Donald Trump has just handed a gift to the Huawei executive trying to fight extradition to the United States.
Canada has been saying all along that this case isn’t about politics and the Canadian government is following the rule of law, but then Mr. Trump crashed in to say that the prosecution could be used as a bargaining chip in trade negotiations with China.
Yes, that’s right: U.S. prosecutors threw Canada into the middle of the mess insisting it is an important legal matter that Huawei chief financial officer Meng Wanzhou be prosecuted. The U.S. President not only threw Canada under the bus, he might have thrown the U.S. legal case out the window.
Do Mr. Trump’s comments put the extradition case against Ms. Meng in jeopardy? “Oh yes,” said Dalhousie University law professor Rob Currie, an expert in extradition law. “He has given her arguments, for sure.”
Mr. Trump has also given Chinese propagandists a gift from heaven. They’ve been saying that Canada is serving the United States in a case that’s about politics and money.
Canada’s Foreign Affairs Minister, Chrystia Freeland, suggested in a sort-of diplomatic way that it might be better if the U.S. President would, you know, shut up. “It is quite obvious that it ought to be incumbent on parties seeking extradition, recognizing that Canada is a rule-of-law country, to ensure that any extradition request is about ensuring that justice is done … and is not politicized,” she said.
Obvious, maybe, but not to Mr. Trump. In retrospect, the odds were better than even that he would say something that appears to interfere with justice.
Canada should be aggrieved because government lawyers dutifully sent out the RCMP to arrest Ms. Meng at U.S. request, and now China is threatening Canada. They have locked up a Canadian foreign service officer on leave, Michael Kovrig – more or less as a pawn. Then Mr. Trump told the world Ms. Meng is just a pawn.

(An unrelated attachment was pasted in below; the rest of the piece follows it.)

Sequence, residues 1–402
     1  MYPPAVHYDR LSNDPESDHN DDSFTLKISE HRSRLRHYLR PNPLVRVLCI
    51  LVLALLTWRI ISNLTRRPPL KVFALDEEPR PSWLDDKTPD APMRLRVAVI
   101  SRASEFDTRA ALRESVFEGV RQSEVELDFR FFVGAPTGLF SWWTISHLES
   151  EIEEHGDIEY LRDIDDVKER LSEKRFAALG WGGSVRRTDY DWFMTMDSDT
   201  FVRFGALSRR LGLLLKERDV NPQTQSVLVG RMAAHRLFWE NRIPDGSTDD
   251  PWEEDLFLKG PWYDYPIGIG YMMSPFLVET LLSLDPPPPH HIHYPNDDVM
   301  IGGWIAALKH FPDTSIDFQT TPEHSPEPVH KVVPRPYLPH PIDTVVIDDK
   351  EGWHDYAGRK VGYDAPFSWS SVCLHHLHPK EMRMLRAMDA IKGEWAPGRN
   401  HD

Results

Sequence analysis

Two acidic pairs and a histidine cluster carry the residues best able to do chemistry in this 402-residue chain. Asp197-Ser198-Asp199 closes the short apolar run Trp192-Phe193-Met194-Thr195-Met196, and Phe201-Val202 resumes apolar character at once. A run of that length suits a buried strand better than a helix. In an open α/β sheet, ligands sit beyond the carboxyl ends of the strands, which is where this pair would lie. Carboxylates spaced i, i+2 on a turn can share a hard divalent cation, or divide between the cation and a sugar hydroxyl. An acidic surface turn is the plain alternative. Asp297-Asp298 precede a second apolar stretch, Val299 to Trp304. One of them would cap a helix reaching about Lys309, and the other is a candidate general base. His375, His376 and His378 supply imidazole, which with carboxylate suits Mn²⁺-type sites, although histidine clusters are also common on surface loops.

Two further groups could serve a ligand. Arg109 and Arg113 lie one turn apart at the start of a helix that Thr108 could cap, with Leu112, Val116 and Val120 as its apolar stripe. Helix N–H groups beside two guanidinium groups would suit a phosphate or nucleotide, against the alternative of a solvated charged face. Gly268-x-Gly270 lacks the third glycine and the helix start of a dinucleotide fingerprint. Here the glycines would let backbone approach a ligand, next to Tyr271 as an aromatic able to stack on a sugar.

His comments jeopardize the U.S. legal case for extradition, at least in theory, because Ms. Meng’s lawyers can argue it shows her prosecution is politicized.
Prof. Currie of Dalhousie said Ms. Meng’s lawyers might use those comments on two occasions in the extradition process.
When Ms. Meng appears before a judge for a committal hearing, her lawyers might argue the comments show she faces a politicized prosecution that violates her right to “fundamental justice” under Canada’s Charter of Rights.
There have been cases where Canadian judges have blocked extradition to the United States under that section; for example, when a U.S. prosecutor and judge had warned the accused they would face tougher sentences if they fought extradition.
Later, Ms. Meng’s lawyers can argue Justice Minister Jody Wilson-Raybould should refuse to sign an order authorizing extradition, either on the grounds that the United States is pursuing her for a political offence or that she faces a politicized prosecution that is “unjust or oppressive.” The minister’s decision can be reviewed by the courts.
Prof. Currie said it is not easy to beat the Crown in an extradition case, but some of these legal issues haven’t been tested often in Canadian courts. Certainly, there has never been a case such as this.
As President, Mr. Trump has the power to appoint and fire U.S. Attorneys, so it’s not easy to make a case that federal prosecutors are legally beyond his influence. That point is hotly debated in U.S. legal circles.
So Canadian Crown attorneys will likely have to counter the notion that the prosecution is politicized by arguing Mr. Trump is just talking – essentially that he is a bloviating grandstander who says many things that have nothing to do with reality.
“They’re going to have to stand up and defame the President of the United States in a Canadian court,” Prof. Currie said. “That’s a tough position for a Canadian government lawyer to be in.” But then, the blame lies with Mr. Trump.